From where I sat, in row D of the first balcony at Koerner Hall, this past April 10, 2019, jazz definitely lives.
Just like the program in my hand said it did. “Jazz Lives 2019: a Tribute to Jazz.FM91 past, present and future” was the event’s full title. It was the 15th such consecutive event giving faithful followers of the listener-supported radio station a chance to show that indeed they still do support it, in spite of recent upheavals as painful as any in the station’s storied history since its birth as CJRT-FM at the Ryerson Institute of Technology (now Ryerson University) in 1949 (that’s 70 years ago, people!). How long ago was that? Well, the JRT in CJRT’s call sign stood for Journalism, Radio, and Technology, which were three of Ryerson’s cutting edge educational mandates.
By all accounts it’s been a rough spell, and most of the people in the audience had a pretty good idea of what’s been going on. With a new board of directors in place, and a boatload of station personalities bouncing on and off the stage (some of them after being notably absent during the past half year) what was particularly encouraging was a classy absence of gloating – a sense of quiet determination to get on with things. And a really strange sense of intimacy between the audience in the hall and the people on stage – strange, that is, until one realizes that radio is still probably the most intimate of media. For all I know the guy next to me shouting “we love you Brad” to the host of “Afternoon Drive with Brad Barker” was listening to Barker with his shirt on for the very first time.
That’s because radio doesn’t require you to put on a face to meet it, and it meets you, exactly halfway no matter where you are.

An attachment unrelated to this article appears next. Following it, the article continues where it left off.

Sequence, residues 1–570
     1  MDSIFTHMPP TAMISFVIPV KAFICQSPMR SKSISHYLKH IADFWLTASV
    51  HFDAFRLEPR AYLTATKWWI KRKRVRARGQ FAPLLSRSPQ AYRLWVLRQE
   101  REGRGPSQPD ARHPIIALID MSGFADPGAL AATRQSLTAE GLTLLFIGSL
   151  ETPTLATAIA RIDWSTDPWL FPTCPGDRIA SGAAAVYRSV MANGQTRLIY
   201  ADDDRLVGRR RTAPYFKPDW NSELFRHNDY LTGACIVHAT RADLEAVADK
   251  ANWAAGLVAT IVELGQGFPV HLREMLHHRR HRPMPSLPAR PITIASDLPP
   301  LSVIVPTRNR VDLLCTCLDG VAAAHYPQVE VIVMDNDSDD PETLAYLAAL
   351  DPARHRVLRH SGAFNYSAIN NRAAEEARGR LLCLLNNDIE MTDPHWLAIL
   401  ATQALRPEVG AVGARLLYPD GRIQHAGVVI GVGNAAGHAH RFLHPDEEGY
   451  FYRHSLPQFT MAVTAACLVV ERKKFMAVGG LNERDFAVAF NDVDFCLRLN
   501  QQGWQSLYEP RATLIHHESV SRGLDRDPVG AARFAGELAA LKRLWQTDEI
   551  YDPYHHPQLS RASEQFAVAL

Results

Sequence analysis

A fine time was had by all, not least because the musicians who came to the party treated us to two very swinging sets. Come to think of it, from the youngest members of the JazzFM91 youth band who kicked things off to the oldest of the household names on stage, we were probably looking at an age range pretty damn close to the entire duration of the station’s storied history.
May the beat go on.
Where I sat, in row D of the first balcony at Koerner Hall, this past April 10, 2019, I was definitely a supported listener.
At some moment during the proceedings I looked down at the little silver-coloured plaque on the arm of my seat. It informed me that my particular bum-in-seat was being supported in thanks to a donation in honour of “George Ullmann, music lover and music entrepreneur, on his 80th birthday.”
Once back home, I googled the aforementioned Mr. Ullmann and found that, after graduating with a B.MUS (Toronto) in 1967 and an MA (Toronto) two years later, he had gone on to head up Boosey & Hawkes’ Canadian operations from the late 1970s till they closed their operations at the end of 1994 (with scores by such notable composers as Talivaldis Kenins, Violet Archer, John Weinzweig, Healey Willan and many others among their holdings). At which point the entrepreneurial Mr. Ullmann established Counterpoint Musical Service, which helped bridge the gap left by Boosey & Hawkes’ exit, and who went on to serve on the boards of various music industry and service organizations, SOCAN among them.
One could do worse than to have “music lover and musical entrepreneur” as an epitaph.
From where I sit right now, thumbing through the page proofs of this issue, finally ready to go to press, the music lovers around me give reason for hope:
–the hundreds in our cover photograph joining Choir!Choir!Choir! to sing Here Comes the Sun into the drizzle and mist (see On Our Cover, page 5);
–the more-than-hundred choirs taking the time to announce their presence to prospective choristers in this year’s 17th Annual Canary Pages Choral Directory, inside this issue;
–the writers of the astonishing range of stories in the issue, all so different and yet all reflective, one way or another, of how much music matters;
–the astonishing people we are lucky enough to get to write about, to whom music matters as much as it does to us;
–and, of course, you.
We are lucky.